I used red, just to be "sure".
Reply With Quote
  #9  
Old Fri 06 June 2008, 09:13
Gerald D
Just call me: Gerald (retired)
 
Cape Town
South Africa
Before we get into LocTite, let's look at the number/location/size of the screws in the pinions . . . . .

The direct-drive stepper motors have two flat surfaces, 90 degrees apart, so that 2 screw can be tightened onto the shaft. However, the geared motors, for some unknown reason, have only one flat surface for a single screw, even though these motors produce higher torque?? Do not be tempted to tighten a second screw down directly on the round surface of a shaft - the shaft is soft, gets a ding in it, and the pinion doesn't slide off again! When I get around to fitting the geared motors, I will grind a second short flat surface into the shaft.

When using the small 20T pinions, there is very little thread length available for the screws. Soft (unhardened) pinions could get the threads stripped by overtightening the screws.

With a hardened pinion, or a bigger diameter one with more thread, you can tighten the screws until you bend/twist the allen key/wrench. That is, if you have a decent quality screw which is relatively hard. (cheap screws let the key/wrench strip out the mating hole - nasty)

If attention is paid to the above factors, Loctite is not necessary. Loctite is a "patch" for deficiencies in the above, or, extra insurance on top of the above factors.

All Loctites can be "released" after quick application of a heating torch - they don't like heat.
Reply With Quote
  #10  
Old Mon 10 August 2009, 15:02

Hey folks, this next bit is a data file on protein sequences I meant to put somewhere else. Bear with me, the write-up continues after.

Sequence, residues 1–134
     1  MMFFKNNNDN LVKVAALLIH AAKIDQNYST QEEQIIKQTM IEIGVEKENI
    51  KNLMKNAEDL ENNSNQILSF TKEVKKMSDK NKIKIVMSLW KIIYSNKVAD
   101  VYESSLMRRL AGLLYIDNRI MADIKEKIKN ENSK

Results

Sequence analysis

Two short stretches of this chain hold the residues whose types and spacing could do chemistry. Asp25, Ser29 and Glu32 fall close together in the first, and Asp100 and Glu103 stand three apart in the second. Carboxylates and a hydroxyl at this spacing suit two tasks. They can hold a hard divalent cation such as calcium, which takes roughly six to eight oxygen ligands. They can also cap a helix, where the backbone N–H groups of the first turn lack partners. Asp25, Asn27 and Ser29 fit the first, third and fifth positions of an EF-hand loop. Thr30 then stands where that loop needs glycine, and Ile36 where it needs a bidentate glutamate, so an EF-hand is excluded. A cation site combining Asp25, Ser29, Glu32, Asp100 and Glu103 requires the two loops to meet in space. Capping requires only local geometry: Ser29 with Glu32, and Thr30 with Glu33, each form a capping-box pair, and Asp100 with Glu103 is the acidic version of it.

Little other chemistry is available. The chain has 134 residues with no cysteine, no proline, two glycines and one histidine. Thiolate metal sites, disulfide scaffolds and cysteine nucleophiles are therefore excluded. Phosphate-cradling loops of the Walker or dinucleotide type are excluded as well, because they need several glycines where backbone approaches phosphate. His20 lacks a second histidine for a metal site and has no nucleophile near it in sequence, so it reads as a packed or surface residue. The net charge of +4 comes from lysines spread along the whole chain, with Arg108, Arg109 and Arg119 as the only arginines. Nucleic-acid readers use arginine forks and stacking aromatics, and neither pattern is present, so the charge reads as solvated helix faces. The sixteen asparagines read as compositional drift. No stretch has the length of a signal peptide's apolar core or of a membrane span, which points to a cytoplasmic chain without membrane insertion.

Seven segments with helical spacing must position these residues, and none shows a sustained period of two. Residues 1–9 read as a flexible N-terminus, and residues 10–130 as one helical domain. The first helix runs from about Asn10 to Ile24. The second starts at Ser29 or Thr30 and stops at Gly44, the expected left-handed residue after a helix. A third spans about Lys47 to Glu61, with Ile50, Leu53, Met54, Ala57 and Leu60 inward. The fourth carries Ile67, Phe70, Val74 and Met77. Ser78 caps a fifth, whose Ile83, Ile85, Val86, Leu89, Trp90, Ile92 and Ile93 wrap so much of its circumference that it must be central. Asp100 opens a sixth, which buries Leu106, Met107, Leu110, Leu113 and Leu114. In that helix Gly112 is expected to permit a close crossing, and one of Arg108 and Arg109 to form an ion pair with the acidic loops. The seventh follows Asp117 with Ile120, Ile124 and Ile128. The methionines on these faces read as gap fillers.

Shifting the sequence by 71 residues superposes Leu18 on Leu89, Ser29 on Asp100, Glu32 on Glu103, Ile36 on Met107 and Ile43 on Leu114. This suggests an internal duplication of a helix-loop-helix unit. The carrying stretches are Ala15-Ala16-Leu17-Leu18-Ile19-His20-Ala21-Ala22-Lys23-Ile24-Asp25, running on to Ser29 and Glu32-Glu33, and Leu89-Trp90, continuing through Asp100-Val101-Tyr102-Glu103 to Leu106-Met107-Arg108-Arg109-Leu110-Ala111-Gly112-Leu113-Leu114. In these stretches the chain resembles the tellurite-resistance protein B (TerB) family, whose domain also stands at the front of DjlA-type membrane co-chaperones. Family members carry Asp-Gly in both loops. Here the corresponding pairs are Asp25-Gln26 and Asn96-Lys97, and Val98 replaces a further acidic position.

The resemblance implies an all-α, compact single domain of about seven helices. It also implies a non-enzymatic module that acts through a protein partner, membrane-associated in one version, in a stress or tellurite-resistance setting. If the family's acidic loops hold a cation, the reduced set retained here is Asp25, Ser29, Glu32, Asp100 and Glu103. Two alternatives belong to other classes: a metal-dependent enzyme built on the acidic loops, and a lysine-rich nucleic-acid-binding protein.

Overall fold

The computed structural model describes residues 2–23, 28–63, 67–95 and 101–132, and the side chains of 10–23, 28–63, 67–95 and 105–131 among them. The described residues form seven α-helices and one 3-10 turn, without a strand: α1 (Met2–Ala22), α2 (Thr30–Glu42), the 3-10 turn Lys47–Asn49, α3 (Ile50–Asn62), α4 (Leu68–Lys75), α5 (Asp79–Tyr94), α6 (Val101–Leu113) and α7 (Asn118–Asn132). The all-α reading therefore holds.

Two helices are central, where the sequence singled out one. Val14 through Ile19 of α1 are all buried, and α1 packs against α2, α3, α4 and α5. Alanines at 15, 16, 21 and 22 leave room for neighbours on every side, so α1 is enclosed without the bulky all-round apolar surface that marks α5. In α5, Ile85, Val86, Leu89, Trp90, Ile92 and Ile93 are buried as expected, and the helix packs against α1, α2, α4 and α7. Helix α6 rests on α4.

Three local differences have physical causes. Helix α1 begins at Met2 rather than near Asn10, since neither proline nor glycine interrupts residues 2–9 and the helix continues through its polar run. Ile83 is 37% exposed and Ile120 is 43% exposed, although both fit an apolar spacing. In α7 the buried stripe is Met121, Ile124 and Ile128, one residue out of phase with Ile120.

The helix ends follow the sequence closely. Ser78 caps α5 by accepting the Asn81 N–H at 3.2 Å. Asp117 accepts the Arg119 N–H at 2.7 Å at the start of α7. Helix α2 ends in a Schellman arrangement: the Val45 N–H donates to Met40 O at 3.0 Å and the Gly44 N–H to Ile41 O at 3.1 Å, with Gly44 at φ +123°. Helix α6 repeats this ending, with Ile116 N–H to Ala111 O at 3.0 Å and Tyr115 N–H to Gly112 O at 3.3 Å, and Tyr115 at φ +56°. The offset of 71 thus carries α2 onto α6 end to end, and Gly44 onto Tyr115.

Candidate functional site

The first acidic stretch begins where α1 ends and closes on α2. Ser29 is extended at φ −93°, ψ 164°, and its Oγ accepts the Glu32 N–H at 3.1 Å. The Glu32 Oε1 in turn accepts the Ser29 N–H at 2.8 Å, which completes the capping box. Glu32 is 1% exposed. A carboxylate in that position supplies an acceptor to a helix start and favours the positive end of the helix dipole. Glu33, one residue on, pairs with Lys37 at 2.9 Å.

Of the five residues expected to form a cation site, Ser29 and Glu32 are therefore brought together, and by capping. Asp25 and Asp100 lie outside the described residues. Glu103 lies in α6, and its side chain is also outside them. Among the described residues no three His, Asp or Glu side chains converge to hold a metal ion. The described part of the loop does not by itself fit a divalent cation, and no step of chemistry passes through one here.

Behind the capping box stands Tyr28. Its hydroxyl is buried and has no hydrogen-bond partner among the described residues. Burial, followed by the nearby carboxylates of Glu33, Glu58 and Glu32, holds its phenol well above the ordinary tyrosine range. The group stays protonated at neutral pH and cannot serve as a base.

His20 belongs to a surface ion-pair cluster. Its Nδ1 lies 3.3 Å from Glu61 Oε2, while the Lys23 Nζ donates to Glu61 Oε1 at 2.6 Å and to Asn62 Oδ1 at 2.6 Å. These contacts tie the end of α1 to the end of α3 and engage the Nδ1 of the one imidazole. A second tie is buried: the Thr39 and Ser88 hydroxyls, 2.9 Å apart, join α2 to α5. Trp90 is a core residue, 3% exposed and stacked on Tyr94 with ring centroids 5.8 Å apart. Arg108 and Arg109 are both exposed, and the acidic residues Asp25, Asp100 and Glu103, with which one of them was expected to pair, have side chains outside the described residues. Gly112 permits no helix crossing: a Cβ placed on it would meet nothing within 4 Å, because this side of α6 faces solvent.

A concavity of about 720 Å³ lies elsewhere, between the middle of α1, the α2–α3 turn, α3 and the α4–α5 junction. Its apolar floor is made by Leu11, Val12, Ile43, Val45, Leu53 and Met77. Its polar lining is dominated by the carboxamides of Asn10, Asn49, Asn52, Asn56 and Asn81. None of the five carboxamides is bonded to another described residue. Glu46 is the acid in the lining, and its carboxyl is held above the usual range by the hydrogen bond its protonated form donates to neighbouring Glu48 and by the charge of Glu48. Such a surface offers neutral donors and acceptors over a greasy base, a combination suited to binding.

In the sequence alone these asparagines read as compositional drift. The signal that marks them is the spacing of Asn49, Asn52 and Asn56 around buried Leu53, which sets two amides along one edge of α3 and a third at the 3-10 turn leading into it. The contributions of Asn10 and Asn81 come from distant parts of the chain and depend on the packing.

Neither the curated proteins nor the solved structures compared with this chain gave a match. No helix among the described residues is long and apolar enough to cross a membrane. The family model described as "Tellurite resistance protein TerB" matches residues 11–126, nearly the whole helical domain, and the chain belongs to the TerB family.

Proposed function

lumberjack_jeff
Just call me: Jeff #31
 
Montesano, WA
United States of America
Slipping set screws

I have fulling steppers with a 12mm shaft and a 4mm key.


My pinion gears are McMaster 20 tooth 20pitch 20pa. They are bored 1/2" dia. I drilled them for (2) ea #10 setscrews, 90 apart.

Is it feasible to put a matching keyway in my pinion gears?

If not, is it advisable to orient the grub screw such that it presses on the bottom of the keyway?

If not... should I just grind a flat for the setscrew?
Reply With Quote
  #11  
Old Mon 10 August 2009, 15:18
jeffa
Just call me: Jeff
 
Iowa
United States of America
Jeff,

Does the 1/2" diameter bore seem a little bit sloppy on the 12 mm diameter motor shafts? The fit between the two should be very close...softly tapping the pinion gear onto the motor shaft would be about right.

Putting a keyway in your pinion gears is pretty straightforward. On the McMaster-Carr website search on 'keyway broaches'.

The broaches to cut a keyway into your pinion gears might be a little pricey, so you might want to find a local shop that would do for you on the cheap.

I'm sure you would be really happy with the rigidity of a keyway. You can then drill and tap a set screw directly on top of the keyway.